Sure enough, at the end of our course in New Plymouth, we were about to go down to RNZAF Base Woodbourne in the South Island, I got called up to Squadron Leader “Hill” and he said, I’ve been asked by the Commanding Officer of Ohakea that you go there (this came from previous talks with the ground instructor at the Pub), I said to him, “do I have a choice?” he said “oh yes you do” I said that I’d like to go down with the rest of the course to Woodbourne where they have Harvard’s. He agreed and that was that. It doesn’t always work but if you don’t ask you don’t get! Harvard’s had flaps and retractable undercarriage, they were a modern aeroplane.
RNZAF Station Woodbourne, Blenheim, NZ – No 2 Service Flying Training School
Above: John Caulton, front row centre as the “Course Commander”.
I flew a few cross country’s Woodbourne to New Plymouth. One of which I refuelled at Ohakea, Rung my father and said I’ll be passing over Marton (where his Pub was) in the next half an hour. You know the noise the Harvard makes, you put them into fine pitch, where it really spins and it goes past the speed of sound… screams. Marton was a little bit to the side of the course, so I had to doctor my navigation notes a little. So I went along the Main Street and put it into fine, and dropped down a bit, for my Dad’s benefit I suppose, and they were all out on the veranda. And I looked back and there was a street full of people, it was screaming and I was quite low about 500 ft. Then I buggered off quick before someone took my number down, because it’s a big number on the side.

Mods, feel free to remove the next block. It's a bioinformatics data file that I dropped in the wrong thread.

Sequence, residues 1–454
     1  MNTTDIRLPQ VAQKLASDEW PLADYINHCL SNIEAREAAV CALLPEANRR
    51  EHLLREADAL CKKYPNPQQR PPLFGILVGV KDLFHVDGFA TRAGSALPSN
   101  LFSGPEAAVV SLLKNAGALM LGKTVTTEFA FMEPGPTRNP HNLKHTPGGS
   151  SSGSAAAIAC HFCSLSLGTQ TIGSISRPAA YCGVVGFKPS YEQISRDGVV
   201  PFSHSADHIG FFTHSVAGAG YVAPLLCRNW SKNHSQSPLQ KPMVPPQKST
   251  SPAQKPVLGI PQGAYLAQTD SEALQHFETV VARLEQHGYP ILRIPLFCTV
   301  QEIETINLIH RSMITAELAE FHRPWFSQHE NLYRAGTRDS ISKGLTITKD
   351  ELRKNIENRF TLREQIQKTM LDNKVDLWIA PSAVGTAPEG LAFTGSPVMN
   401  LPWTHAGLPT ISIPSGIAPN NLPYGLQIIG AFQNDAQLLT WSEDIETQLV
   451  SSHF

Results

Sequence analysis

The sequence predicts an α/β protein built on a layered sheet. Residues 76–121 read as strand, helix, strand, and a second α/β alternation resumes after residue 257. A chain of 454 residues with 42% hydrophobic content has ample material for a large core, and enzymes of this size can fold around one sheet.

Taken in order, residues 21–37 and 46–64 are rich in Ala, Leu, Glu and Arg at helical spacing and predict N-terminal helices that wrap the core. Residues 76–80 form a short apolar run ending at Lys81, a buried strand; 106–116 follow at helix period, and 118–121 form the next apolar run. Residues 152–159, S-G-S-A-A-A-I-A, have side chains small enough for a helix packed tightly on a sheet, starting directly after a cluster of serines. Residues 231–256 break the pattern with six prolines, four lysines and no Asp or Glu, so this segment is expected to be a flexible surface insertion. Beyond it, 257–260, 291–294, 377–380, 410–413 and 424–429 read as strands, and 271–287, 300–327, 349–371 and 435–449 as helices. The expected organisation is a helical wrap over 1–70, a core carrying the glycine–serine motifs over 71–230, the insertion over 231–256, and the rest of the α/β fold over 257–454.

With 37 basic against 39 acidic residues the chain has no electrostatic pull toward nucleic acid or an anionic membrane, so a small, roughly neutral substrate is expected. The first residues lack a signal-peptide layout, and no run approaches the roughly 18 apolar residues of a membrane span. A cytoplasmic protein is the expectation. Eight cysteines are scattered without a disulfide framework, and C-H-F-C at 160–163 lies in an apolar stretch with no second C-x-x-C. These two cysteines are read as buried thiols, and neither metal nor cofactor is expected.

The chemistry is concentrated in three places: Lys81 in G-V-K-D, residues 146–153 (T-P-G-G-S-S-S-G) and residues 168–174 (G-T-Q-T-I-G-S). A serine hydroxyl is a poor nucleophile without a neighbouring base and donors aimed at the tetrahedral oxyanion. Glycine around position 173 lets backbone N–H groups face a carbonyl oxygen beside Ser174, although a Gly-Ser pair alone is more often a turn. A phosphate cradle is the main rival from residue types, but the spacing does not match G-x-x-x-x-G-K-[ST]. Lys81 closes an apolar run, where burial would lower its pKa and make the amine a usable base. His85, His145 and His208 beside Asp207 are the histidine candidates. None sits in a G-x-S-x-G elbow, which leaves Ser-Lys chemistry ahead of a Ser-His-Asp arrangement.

Above: 1941, stop over on a cross country to New Plymouth. My fathers car in the background.
Another time I did a height climb at midday I flew over my old school, Silversteam near Trentham, I knew it was lunch time and all the present pupils of the day were going into lunch, so I did the same thing there and got out quick. A lot of people did this and dived on things, then splattered themselves around the countryside, a lot of people got killed, but if you flew low and got away quick you could get away with it. If you gave someone a thrill and put an imprint on the school, that’s my only claim to fame at Silversteam I think.